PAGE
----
Tuesday, January 10, 2012

The Latest in Etgar Keret, "Creative Writing"

I like when well known / regarded writers take a stab at writing about writing. Lorrie Moore's narrative second-person "How to Become a Writer" is an ought not to be missed kind of read, among stories like these. Handled deftly, they are a fascinating look at the creative process, the writing process in conversation and in workshop, even if / though it's not the "creative process" per se of the author of the fiction itself. And now, Etgar Keret has brought his own offering in the form of "Creative Writing," which appeared in a recent issue of The New Yorker.

Others I've enjoyed in this way are David Foster Wallace's character Rick Vigorous' storytellings in "The Broom of the System" and Will Self's disturbingly awesome "Nonce Prize" which concerns, among other things, creative writing in a prison setting -- and, actually I recall liking the stories within stories more than the primary narrative in novels like John Irving's "The World According to Garp." Even Albert Camus' "The Plague" plays with describing the writing process, when a character becomes enamored to the point of obsession with a sentence he's writing and constantly revising, to wit, "One fine morning in the month of May an elegant horsewoman might have been seen riding a handsome sorrel mare along the flowery avenues of the Bois de Boulogne."

Etgar Keret's "Creative Writing" left me feeling that, for all its many positives, the one thing I wished was also explored here? His characters' writing badly, or at least in a way that better suggested their novice status. Still, though, there's a lot here, and the stories within the story are conceptual oddities in themselves. At outset, the story concerns a couple who's recently experienced the loss of a child. I can't quite recall if this is expressly stated or implied. As recourse, as escape, as coping mechanism / impetus, the man suggests to the woman that she take up something like creative writing. She does and experiences success immediately, come in the form of praise from her instructor and peers. This leads to an odd form of envy in the man. He finds the woman talented, but also inscrutable. Her work is good but leaves something to be desired, he feels. He joins a beginner's creative writing course of his own. The narrative comes full circle. In a glib sort of way, I enjoy feeling the story's moral is: writing is hard, and endings are hardest of all.


  1. I don't know about you, Matt, but when I started this fiction writing thing, I started hitting the books with a passion that only my academic dimwit self could have. Well, most is shit. It's easy to tell you to do some things, but it's not easy to tell you how to do them.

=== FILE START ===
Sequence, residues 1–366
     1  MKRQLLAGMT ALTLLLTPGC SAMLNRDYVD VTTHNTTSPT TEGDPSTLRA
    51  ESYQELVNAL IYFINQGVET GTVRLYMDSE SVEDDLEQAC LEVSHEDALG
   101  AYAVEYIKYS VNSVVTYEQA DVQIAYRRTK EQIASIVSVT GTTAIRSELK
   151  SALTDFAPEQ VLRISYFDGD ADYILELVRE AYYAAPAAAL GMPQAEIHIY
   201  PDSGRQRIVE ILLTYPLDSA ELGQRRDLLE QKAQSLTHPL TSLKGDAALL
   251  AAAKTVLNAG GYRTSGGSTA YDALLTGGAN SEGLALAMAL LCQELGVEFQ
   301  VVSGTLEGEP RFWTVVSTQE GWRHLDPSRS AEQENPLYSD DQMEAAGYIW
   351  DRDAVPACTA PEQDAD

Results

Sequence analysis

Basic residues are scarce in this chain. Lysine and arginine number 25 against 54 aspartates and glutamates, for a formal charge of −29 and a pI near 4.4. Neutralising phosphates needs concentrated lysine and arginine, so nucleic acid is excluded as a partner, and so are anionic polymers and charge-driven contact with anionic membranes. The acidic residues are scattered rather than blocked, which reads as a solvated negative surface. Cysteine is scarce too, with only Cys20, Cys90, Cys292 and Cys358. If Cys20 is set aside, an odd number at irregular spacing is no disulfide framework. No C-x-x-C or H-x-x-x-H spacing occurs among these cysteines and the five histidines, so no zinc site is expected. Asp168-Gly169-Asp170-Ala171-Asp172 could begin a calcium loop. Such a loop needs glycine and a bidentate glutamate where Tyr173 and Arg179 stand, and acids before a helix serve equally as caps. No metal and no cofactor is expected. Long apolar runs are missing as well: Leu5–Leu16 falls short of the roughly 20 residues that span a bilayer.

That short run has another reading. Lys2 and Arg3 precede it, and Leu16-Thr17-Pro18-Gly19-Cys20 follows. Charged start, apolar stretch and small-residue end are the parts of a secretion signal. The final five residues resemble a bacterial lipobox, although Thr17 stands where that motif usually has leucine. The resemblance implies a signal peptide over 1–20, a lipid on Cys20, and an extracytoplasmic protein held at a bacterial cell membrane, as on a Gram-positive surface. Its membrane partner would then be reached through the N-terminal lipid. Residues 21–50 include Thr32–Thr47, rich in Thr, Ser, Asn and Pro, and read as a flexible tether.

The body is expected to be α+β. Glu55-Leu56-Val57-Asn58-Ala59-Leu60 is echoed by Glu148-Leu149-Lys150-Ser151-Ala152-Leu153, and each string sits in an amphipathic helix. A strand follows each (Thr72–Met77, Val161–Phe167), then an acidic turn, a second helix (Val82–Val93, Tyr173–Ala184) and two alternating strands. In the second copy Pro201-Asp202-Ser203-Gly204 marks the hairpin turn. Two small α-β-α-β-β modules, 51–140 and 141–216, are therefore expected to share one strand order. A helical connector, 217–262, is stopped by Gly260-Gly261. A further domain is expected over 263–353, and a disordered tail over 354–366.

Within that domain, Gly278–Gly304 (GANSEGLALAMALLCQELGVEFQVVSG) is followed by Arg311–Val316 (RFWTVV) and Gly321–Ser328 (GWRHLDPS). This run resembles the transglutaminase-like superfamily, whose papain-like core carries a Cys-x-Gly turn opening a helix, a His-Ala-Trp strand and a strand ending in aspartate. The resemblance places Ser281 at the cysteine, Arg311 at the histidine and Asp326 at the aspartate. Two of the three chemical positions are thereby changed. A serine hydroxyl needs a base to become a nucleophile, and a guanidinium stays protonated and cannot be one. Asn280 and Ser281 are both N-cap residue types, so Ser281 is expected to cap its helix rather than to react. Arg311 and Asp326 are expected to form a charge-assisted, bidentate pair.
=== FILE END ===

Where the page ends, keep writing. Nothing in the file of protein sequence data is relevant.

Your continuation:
"You have to find your voice" is as easy as saying "You have to end war, if you want peace. Get countries to get along, you know?"

    "But how?"

    "I don't know. Host a spaghetti dinner or something".

    Anyway, you know what I mean. Except for Donald Maass, who's directly asking questions about your manuscript. Most of those writing advice writers are full of shit. As for known/regarded writers, I find that the more you hit the right notes, the more your keys to success can be narrowed into a tiny, precise digest.

    Here's one of my old posts where I link to many well-regarded writers rules for writing (Original post was in The Guardian). Funny and enlightening. I'm sure you will like.


  2. Excellent, Ben, I look forward to checking out your link. I think it's weird that anyone tries to teach writing in general and especially weird when they try to do it with lists of tips. Could there be anything more subjective than how a person writes fiction? Should there be anything more subjective? The whole point is you make something from nothing. I do like gaining insights and possibly clues from writers I admire about what their process is like. Not so much so I can ape it as I get a better sense of them as people coming from a different place than myself, and in writing, making an effort to be understood / related to.

  3. I don't remember who said it, but some writing coach I came across said: "You have to know the rules to start breaking them". So I think there's a baseline for everybody, but from there writers need to learn how to break free.

    For example, I had a story refused once, because "the main character didn't have resolution". It was the whole fucking point of the story, to illustrate that the character couldn't cope with reality.

    Check out the Ann Enright 10 rules, they are particularly flavorful.